In addition to what I tweeted last week, I have a few other thoughts in the wake of the news stories.
While the actions that spurred the news cycle were extreme (and illegal), you’re probably hearing of other, legal ways in which the college admissions process is unfair—or, at least, not entirely merit based.
The truth is, the college admissions system sometimes isn’t merit based. There are many common practices, such as legacy admissions, that work in some applicants’ favor. There are other practices, such as large donations, that work in a few applicants’ favor.
That said, most applicants and admitted students are just like you. They are ethical, well-intentioned teens who are doing their best to navigate a challenging process. They are facing the uncertainty of not knowing where they’ll get in. They are putting forth effort with the hope of that effort paying off.
Your goal in the college admissions process is to show up as your best self throughout and put forth your best effort. If you are a good applicant, and you apply to a good selection of schools, you will likely get into a good college.
Putting forth your best effort involves many factors, including:
I said earlier that the college admissions process isn’t a perfect meritocracy, and it isn’t. But I do believe that in the macro, good students are almost always offered admission to at least one good school that they are excited to attend—particularly when students have done their research and kept an open mind about the many good options available to them at which they have a reasonable chance of admission.
I didn’t have paid guidance when I was going through the college admissions process. I did all of the things I listed above, and I was admitted to some great schools, one of which I attended. But even though I didn't have a consultant or tutor helping me or a parent who attended the schools at which I was offered a place, I still had advantages, starting with the fact that I was raised by parents and supported by teachers who didn’t question my ambition, ability, or work ethic. It is this benefit that I do my best to pay forward to the students with whom I work.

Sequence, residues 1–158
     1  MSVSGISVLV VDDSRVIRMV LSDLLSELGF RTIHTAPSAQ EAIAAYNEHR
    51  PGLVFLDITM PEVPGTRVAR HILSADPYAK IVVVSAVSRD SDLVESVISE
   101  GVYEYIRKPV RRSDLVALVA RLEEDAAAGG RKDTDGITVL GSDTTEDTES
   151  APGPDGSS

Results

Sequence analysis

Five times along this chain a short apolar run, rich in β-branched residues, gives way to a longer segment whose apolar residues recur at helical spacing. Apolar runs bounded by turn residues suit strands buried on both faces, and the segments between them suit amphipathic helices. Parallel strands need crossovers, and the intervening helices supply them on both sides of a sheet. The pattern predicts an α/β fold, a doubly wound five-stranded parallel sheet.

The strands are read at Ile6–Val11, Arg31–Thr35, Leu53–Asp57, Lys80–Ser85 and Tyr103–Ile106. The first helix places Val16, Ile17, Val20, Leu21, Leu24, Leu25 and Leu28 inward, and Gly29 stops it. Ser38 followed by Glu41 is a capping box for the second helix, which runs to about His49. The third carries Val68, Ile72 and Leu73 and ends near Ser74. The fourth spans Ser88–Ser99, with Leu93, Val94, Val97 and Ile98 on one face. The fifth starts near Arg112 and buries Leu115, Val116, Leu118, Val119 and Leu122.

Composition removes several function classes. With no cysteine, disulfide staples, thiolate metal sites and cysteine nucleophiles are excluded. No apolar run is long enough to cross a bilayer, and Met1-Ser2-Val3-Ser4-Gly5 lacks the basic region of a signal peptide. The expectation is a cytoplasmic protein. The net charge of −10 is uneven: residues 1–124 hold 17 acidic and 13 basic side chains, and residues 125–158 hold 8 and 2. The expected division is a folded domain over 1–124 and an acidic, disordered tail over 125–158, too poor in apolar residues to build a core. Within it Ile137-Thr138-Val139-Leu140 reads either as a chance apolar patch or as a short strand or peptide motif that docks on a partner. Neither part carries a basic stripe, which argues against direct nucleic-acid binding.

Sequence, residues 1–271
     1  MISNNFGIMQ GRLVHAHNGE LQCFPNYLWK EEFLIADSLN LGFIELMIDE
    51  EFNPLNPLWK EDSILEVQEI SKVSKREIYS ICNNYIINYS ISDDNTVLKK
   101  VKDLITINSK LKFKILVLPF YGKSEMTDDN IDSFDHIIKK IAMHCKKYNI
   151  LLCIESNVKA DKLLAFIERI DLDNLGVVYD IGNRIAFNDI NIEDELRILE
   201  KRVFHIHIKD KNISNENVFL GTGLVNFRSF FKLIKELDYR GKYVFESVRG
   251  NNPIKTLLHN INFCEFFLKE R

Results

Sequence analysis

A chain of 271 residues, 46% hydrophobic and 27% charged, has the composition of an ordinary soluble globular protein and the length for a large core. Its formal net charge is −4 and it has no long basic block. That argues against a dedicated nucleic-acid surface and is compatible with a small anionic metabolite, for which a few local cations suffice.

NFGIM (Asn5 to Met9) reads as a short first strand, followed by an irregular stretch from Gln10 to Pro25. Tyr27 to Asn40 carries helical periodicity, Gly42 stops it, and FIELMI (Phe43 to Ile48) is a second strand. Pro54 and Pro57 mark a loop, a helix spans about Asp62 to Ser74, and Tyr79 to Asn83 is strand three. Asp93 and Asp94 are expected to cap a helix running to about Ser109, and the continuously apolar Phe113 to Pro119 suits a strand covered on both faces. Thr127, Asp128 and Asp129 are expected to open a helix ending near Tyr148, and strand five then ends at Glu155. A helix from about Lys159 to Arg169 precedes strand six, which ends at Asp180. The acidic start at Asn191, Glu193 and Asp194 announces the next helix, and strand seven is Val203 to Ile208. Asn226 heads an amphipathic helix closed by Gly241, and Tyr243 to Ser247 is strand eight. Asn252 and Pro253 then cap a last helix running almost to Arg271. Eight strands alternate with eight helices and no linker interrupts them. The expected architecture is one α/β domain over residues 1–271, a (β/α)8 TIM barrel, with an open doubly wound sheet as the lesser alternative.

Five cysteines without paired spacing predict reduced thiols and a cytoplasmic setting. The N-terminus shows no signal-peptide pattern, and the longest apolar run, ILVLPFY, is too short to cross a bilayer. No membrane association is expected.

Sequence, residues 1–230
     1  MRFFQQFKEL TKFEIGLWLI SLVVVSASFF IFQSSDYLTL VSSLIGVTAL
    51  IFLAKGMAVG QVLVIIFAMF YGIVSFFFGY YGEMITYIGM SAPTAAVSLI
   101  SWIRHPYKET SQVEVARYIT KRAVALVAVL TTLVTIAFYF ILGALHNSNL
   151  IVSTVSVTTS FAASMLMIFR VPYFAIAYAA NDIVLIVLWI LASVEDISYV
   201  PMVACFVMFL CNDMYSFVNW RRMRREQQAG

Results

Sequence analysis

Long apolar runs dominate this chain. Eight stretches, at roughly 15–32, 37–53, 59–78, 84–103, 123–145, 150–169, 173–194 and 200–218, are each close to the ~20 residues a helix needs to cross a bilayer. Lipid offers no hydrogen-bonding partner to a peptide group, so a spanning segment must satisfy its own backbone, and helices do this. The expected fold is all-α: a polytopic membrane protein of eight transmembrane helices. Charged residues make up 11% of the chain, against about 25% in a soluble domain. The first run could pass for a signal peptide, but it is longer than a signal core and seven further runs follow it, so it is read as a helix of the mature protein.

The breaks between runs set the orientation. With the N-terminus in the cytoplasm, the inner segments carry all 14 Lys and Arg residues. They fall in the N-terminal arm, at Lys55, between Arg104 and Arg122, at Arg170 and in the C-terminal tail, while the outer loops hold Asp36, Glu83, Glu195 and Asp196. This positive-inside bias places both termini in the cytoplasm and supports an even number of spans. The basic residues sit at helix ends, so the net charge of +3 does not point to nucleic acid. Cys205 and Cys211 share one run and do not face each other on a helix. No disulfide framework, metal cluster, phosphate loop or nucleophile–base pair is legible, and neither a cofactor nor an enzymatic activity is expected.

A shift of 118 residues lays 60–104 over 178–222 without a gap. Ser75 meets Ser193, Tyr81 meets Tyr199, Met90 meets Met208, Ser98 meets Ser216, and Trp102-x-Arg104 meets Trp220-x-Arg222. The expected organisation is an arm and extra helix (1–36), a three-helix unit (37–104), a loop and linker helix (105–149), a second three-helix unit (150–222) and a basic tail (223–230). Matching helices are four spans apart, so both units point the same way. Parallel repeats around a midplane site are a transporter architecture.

I believe in your ability to work hard and make the most of whatever resources and support are available to you.
So now that I’ve laid out a framework, I have an assignment for you:
Make a list of all the resources that are available to you. These can be external resources, like “time to prep,” “a library card,” and “Khan Academy.” They can also be internal resources like “grit,” “patience,” “creativity,” and “curiosity.” Try coming up with twenty items for your list—I know that might sound like a long list, but I bet you could actually come up with more if you really sat with it.
I’ll even give you a head start by reminding you of a few resources that I make available for free or less than $20:
Please feel free to be in touch to schedule a consultation and to refer other teens or parents of teens in your network to me and these offerings. We’re all in this together :)
Other services I offer (these would fall under the "Investment Guidance" category of "Finding and using quality guidance" instruction listed above):
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